Drummond, his tandem partner in the frontcourt, is doing much of the same by producing at elite levels in his own way. Leading the team in Box Plus-Minus with a 6.1 rating, he is crashing the boards with extra vigor and finishing with force. Surprisingly enough, he’s also shooting over 63 percent from the charity stripe as well. If he, Jackson and the rest of the Pistons keep this up, we’ll be seeing these guys making some noise in April.

Houston Rockets, 11-3

Talking MVP isn’t easy when there are so many deserving players around the league, but in the case of James Harden, he might be as clear-cut of a number one candidate as it gets right now. He’s the captain of this extremely efficient and fun Rockets squad and it explains why their record is where it is.

Mike D’Antoni’s offense is unfathomable at times. The precision, the open shot creation, the quickness—it’s virtually unguardable. Close to 54 percent of Houston’s field goal attempts have come beyond the arc. Putting Harden at the helm of his vision was a match made in heaven and nothing’s changed about how he’s run it this year. He’s only gotten better, and so have his teammates.

Despite being without Chris Paul since the start of the year, Houston is clicking on every level. Eric Gordon has filled in for the time being and has taken off as the team’s second-leading scorer. Just when you thought last season was a great comeback story for him, he’s displaying an assertiveness and athleticism that hasn’t been seen since his earlier years. The rise of Clint Capela as an elite player on the interior has been evident, as he’s averaged over 18 points and 16 rebounds per 36 minutes.

Newcomers Luc Richard Mbah a Moute and P.J. Tucker have fit right into D’Antoni’s scheme, and they’ve added a new defensive presence to this previously one-dimensional bunch. Their attitude and veteran savvy approach have rubbed off on that end for nearly everybody on the team. Obviously they’ve got to show it come playoff time, but this could be one of the most dangerous offensive teams we’ve ever seen.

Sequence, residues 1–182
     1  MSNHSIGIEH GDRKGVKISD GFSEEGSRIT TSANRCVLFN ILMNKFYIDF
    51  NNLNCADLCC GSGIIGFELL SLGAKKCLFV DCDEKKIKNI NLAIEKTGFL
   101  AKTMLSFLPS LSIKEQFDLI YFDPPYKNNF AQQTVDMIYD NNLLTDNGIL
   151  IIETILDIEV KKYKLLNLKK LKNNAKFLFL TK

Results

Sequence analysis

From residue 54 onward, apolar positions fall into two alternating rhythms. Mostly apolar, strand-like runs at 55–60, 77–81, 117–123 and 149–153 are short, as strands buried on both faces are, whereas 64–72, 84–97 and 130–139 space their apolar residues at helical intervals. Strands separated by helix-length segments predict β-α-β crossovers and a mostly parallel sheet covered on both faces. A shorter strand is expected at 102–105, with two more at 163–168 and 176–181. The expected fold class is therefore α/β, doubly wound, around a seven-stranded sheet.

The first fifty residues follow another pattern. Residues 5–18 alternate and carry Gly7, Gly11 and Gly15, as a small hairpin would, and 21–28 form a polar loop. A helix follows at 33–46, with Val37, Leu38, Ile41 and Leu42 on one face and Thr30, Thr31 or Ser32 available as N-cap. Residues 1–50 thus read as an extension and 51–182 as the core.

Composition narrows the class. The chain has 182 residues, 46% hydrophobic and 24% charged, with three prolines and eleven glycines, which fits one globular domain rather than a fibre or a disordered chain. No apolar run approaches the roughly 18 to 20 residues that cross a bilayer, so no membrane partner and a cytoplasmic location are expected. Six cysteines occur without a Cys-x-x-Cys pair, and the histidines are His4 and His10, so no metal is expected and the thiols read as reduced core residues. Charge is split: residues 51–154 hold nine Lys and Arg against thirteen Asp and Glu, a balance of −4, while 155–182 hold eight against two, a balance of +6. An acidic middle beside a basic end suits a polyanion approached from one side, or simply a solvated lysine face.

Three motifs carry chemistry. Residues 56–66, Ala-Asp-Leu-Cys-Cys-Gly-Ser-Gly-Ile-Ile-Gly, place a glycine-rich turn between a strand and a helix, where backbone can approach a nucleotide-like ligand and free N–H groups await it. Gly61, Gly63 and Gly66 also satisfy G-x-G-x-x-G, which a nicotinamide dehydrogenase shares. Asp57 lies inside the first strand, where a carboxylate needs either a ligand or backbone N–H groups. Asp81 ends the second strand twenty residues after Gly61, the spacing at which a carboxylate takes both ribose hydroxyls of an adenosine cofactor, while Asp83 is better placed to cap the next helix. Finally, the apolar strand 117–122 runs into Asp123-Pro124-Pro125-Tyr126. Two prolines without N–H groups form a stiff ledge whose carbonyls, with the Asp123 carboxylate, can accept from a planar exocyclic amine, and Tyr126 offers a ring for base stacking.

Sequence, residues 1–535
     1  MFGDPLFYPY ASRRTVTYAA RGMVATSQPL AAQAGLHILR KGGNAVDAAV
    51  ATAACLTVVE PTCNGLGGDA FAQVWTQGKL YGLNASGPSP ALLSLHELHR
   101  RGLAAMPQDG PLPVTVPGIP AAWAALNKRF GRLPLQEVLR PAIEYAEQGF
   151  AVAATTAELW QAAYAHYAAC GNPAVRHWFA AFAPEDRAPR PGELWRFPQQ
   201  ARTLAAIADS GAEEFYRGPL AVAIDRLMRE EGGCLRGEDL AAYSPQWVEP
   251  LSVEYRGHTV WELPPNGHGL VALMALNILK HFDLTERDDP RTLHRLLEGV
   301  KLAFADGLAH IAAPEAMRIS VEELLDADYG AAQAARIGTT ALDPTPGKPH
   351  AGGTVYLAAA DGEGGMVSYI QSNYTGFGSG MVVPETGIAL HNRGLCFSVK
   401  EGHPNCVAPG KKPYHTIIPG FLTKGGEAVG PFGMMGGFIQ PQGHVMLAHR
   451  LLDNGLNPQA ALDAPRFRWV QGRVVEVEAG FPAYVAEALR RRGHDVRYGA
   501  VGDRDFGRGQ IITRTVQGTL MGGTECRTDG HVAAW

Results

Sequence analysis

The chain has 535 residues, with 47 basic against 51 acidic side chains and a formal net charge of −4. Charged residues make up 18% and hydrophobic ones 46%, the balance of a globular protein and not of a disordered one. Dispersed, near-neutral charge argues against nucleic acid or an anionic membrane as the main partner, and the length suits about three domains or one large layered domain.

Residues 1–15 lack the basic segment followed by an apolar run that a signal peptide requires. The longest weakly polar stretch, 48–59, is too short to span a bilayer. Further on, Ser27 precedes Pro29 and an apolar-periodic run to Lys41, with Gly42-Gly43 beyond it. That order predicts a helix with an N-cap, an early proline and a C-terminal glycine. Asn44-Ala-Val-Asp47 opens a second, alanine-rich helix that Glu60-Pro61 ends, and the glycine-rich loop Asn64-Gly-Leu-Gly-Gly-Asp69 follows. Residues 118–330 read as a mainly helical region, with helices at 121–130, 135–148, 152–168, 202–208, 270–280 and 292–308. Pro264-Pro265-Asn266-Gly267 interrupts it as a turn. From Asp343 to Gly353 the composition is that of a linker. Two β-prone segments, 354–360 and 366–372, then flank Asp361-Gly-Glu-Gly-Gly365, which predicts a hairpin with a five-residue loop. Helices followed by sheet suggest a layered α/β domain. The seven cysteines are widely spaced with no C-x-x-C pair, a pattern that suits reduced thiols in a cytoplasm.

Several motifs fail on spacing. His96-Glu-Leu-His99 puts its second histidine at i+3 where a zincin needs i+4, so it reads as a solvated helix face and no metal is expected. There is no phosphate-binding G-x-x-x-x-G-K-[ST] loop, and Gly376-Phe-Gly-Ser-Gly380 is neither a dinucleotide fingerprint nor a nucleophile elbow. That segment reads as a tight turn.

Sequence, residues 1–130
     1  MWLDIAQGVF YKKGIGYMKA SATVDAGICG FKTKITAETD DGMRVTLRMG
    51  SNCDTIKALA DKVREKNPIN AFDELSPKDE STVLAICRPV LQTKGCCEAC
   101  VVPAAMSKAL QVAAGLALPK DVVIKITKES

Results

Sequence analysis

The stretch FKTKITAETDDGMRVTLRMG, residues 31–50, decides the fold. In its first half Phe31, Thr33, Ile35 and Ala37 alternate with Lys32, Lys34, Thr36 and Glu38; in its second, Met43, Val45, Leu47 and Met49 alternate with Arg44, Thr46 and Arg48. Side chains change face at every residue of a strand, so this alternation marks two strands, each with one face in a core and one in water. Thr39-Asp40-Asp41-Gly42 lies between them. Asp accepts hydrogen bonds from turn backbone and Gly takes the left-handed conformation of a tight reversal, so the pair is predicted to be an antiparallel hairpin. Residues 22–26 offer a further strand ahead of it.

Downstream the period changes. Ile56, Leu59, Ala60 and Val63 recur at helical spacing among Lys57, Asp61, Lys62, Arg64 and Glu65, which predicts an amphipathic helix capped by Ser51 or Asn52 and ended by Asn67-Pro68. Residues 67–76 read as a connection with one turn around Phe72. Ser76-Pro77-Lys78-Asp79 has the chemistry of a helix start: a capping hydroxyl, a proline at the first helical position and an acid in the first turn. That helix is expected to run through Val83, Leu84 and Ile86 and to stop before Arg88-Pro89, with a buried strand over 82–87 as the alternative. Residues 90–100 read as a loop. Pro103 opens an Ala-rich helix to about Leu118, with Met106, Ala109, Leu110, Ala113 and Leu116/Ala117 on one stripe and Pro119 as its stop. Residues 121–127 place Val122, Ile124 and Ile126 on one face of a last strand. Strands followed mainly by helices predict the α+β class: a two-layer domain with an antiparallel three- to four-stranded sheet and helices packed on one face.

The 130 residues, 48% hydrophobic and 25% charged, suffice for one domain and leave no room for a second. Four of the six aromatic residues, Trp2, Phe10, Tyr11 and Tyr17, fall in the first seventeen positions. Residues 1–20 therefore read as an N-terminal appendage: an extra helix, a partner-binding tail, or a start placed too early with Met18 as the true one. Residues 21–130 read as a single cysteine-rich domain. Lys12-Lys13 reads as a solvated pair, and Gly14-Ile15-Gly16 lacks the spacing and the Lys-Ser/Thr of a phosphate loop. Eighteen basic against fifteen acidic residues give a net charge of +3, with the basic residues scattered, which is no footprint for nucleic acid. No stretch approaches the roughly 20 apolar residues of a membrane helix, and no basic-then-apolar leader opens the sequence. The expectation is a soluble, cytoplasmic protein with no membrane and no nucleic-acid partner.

Golden State Warriors, 10-3

Speaking of dangerous teams, the Warriors have been cruising along. It was a bumpy start for the defending NBA champions, but it was clearly nothing more than a little bit of rust. This stacked roster is cohesive, selfless, and loaded with talent. They have the second-best record in the West, but they’re the cream of the crop in this league.

Stephen Curry is unbelievable. Kevin Durant is unstoppable. Klay Thompson can go off at any time he desires to. And to top it all off, Draymond Green is the glue who holds the team together. It’s as simple as those four to dissect why this Golden State group is the standard bearer of the NBA.

They have a heck of a supporting cast, too. You look at guys who have been there like Andre Iguodala and JaVale McGee, the young talent like Patrick McCaw and Kevon Looney, and in bunches, rookie Jordan Bell has been an absolute force. Adding sharpshooter Nick Young and swingman Omri Casspi to the mix has proven to be wise, too.

Breaking down the Warriors is simple—they’re a complete basketball team that executes on a nightly basis with ease. It’s like taking elements of the Rockets offense and combining that with the Celtics defense. At the top of the mountain alone in assists per game (31), net rating (14.4), and field goal percentage (52.1), it’s not shocking how well they’ve clicked. There’s a reason why they were the title favorites. Barring an injury, it’s likely they’ll repeat.

Spencer Davies is a Deputy Editor and a Senior NBA Writer based in Cleveland in his third year with Basketball Insiders. Covering the league and the Cavaliers for the past five seasons, his bylines have appeared on Bleacher Report, FOX Sports and HoopsHype.